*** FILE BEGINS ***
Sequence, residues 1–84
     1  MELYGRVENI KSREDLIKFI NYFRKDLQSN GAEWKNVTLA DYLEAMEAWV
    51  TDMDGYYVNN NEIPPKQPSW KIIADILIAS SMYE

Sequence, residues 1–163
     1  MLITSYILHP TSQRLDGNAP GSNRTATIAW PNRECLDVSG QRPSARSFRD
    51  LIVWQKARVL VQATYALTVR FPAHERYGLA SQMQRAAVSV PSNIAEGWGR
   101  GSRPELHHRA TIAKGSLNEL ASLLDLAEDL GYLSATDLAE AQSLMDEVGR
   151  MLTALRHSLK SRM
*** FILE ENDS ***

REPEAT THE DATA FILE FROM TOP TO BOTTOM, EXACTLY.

Sequence, residues 1–84
     1  MELYGRVENI KSREDLIKFI NYFRKDLQSN GAEWKNVTLA DYLEAMEAWV
    51  TDMDGYYVNN NEIPPKQPSW KIIADILIAS SMYE

Sequence, residues 1–163
     1  MLITSYILHP TSQRLDGNAP GSNRTATIAW PNRECLDVSG QRPSARSFRD
    51  LIVWQKARVL VQATYALTVR FPAHERYGLA SQMQRAAVSV PSNIAEGWGR
   101  GSRPELHHRA TIAKGSLNEL ASLLDLAEDL GYLSATDLAE AQSLMDEVGR
   151  MLTALRHSLK SRM